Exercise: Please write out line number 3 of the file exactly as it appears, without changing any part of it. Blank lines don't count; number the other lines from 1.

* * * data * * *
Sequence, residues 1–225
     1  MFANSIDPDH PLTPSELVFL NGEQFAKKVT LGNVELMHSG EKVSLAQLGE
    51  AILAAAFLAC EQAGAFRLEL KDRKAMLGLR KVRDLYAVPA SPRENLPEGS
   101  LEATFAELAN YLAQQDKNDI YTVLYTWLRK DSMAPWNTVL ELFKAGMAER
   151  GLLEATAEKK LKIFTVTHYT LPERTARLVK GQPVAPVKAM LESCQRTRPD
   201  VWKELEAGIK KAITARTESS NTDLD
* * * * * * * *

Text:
    51  AILAAAFLAC EQAGAFRLEL KDRKAMLGLR KVRDLYAVPA SPRENLPEGS